Happy Independence Day America! As a fifth generation Floridian, I'm about as patriotic as they come. I even studied politics in college. This is certainly my first Fourth of July in Canada, and learning to love my neighbor has never felt so relevant. The team left the Fort St. John Super 8 bright and early, but not before having a waffle, and checking the weather. I grabbed a quick shower, seeing that it was slightly overcast, and that we might not be somewhere with facilities for a few days, depending on the weather. So our team hit the road, mounting the new video camera atop the solar car for taking footage. The team was on the road with Fort Nelson set as the destination. It was pretty much a straight climb on the Alaskan Highway. We crossed beautiful river valleys, and finally made it to Buckinghorse after draining the batterty about halfway. Almost immediately, we were asked by the owners of Buckinghorse Ranch if we needed a sponsor. For $500, we added the first sponsor for the solar car tour in some time. They added a horse decal to the trailer, and the solar car project became sponsored by Buckinghorse Restaurant and Truck Stop. It was nice to meet some real outdoorsman, with tales of bears, hunting, and raising horses to keep us city folk in awe. I encountered a major dilemma at dinner. Buckinhorse was kind enough to also sponsor us with a complimentary meal. Although I've been eating vegetarian meals consistently for the majority of the solar car tour, it turns out that it takes more energy to import vegetables here, than it does to support a local buffalo hunter. I've never eaten buffalo before, and a chief ethical motivation for my being vegetarian has been to support local food, while not supporting factory farms. I also made the decision to only eat meat if it was prepared locally, respectfully, and sustainably. So I finally succumbed to eating meat after long abstaining from it on the solar car trip. I felt good that at least the burger I ate on July 4th had less of a carbon footprint than one of the vegetarian items I could have chosen. I even tried poutine, knowing finally that even the gravy was locally and sustainably prepared. Later on, Willy, Marcelo and I took down the array. I showed Willy the chords for "House of the Rising Sun" on the ukulele, and we talked a bit with some of the owners of Buckinghorse. We even met a couple of people who were warning us about the sharp shale gravel roads leading up to Inuvik. Fortunately, we have plenty of spare tires available. I interviewed them for the documentary while warding off dozens of attacking mosquitoes. I then went inside and talked with the new sponsors about the potential for renewable energy implementation in British Columbia. While wood fire and hydro electric seem to be the only consistently viable options available to them, it is still difficult to procure power, seeing as much of the power is outsourced to the US and Alberta. This is mainly because B.C. is more efficient in producing lumber, and so they can sell their raw materials cheaply, while the manufactured product can sell for more money. I found it interesting that this parallels a similar tension between Britain and America during the revolutionary war. Britain would sell finished products to Americans at an incredibly inflated price compared to the original raw materials. For economic reasons such as these, it was necessary for America to declare her independence. Having this conversation with some of our next door neighbors in Canada really does take the phrase "love thy neighbor as thyself" to a new level. If we are to succeed as a people, a nation, or a world, we must unite against unsustainable, costly, and unnecessary commodification of basic needs to the point that local people cannot even properly profit from what literally grows in their backyard. The profit seeking mechanisms of major corporations are natural to the goal of a corporation, but not to the environment or it's people. It's great to have support from an organization that, although they are forced to use propane gas due to their lack of any proximity to a hydro power station, they support local industries as well as the solar car project. They truly embody what I believe to be the intent of thinking globally and acting locally. It's great to have Buckinghorse as a supporter, and it was awesome to get to talk with some real Canadian patriots about Canadian politics, and breaking down the barriers between American, Canadian, rich, poor, black, white, young, old, or otherwise. As one living planet, we must certainly stick together, or fall apart.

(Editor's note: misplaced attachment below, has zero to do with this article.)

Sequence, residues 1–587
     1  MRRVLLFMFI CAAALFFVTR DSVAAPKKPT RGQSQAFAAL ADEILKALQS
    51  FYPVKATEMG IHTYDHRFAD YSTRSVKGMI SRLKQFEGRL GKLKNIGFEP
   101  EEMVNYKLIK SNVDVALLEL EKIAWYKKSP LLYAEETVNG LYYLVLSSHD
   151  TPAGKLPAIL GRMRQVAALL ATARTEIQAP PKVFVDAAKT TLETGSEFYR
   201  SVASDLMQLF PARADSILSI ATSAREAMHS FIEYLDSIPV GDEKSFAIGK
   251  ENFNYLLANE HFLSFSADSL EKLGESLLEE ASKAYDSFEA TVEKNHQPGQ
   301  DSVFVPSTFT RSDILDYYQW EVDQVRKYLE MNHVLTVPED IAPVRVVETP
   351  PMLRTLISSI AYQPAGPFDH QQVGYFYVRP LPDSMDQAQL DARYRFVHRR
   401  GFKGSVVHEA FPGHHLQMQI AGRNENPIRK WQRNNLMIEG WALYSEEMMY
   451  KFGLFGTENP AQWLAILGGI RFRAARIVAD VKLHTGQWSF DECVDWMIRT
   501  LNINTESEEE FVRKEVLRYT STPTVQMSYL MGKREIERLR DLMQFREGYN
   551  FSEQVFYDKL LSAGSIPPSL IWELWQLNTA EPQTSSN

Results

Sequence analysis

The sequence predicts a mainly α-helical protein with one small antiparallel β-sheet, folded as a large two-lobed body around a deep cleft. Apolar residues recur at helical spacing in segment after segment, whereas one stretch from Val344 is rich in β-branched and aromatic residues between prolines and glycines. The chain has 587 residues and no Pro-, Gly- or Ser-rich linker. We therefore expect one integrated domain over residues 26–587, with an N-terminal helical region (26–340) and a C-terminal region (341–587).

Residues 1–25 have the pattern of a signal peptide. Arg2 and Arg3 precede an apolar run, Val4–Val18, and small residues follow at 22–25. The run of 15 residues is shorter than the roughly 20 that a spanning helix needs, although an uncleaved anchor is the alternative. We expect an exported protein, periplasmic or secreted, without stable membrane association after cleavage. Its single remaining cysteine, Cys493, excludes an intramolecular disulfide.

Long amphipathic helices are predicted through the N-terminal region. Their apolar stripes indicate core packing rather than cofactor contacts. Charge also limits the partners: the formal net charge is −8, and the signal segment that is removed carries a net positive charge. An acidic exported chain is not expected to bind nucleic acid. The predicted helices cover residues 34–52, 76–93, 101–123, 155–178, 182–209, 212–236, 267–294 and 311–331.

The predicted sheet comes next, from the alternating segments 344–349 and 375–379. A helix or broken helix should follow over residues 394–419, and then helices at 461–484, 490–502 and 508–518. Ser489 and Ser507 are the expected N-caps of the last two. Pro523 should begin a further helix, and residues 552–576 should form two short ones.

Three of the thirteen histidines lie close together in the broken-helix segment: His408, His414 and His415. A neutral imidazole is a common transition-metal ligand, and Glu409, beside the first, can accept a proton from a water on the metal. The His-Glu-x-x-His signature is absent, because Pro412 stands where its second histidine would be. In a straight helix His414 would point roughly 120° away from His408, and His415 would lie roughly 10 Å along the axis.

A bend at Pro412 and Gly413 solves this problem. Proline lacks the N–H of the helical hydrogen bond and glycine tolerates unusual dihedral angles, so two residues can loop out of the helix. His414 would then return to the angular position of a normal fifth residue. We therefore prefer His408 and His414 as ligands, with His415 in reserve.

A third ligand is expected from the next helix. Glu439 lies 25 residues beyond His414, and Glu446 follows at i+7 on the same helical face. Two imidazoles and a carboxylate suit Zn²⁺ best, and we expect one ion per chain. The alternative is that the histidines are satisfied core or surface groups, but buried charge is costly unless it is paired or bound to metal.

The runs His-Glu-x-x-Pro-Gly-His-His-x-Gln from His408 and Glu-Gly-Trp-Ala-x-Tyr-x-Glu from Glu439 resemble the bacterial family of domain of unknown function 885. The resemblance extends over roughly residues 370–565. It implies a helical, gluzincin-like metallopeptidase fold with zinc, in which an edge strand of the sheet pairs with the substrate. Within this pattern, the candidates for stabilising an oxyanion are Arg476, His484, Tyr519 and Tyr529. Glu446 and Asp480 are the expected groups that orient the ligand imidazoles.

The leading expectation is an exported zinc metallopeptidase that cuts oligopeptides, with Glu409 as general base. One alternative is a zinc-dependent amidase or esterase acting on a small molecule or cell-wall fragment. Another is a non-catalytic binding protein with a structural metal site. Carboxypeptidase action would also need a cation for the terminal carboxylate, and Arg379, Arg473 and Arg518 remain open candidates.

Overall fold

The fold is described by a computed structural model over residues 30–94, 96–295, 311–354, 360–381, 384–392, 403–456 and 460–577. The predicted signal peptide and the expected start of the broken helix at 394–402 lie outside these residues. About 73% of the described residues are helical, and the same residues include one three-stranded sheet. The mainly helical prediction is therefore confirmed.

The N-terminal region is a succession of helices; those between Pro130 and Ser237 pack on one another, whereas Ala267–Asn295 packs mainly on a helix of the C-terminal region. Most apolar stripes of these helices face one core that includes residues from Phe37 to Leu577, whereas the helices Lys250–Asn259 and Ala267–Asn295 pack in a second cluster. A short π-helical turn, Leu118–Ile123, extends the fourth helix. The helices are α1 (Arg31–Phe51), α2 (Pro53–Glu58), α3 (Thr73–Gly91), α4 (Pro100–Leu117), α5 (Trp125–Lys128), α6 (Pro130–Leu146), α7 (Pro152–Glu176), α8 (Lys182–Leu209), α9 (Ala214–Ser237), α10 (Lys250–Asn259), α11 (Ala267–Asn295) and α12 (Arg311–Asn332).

LET IT BE KNOWN THAT TODAY IS NOT ONLY THE BIRTHDAY OF MY SWEET AMERICA, BUT OF COMPARATIVE IMPORTANCE IT IS ALSO THE DAY I SAW A MOOSE! We saw it trot along the bush with two cubs close behind as we were parked on the side of the road before reaching Pink Mountain. I had a very strange reaction to the sight of it. I truly did not know what it was. I was excited at the sight of such a big animal, but I was confused because my brain couldn't put a name on it. Before you assume I was raised in a shoebox, I will say that it did not have those massive antlers, the sole icon many a tourist define a moose by. No, female moose prefer not to carry such a heavy load. After the initial thrill subsided I grabbed my phone to text everyone about the celebration to be added to the Day of Independence, but no reception. I sent some excitement telepathically instead, and with the time change and all they should be receiving it soon. It was so very cool.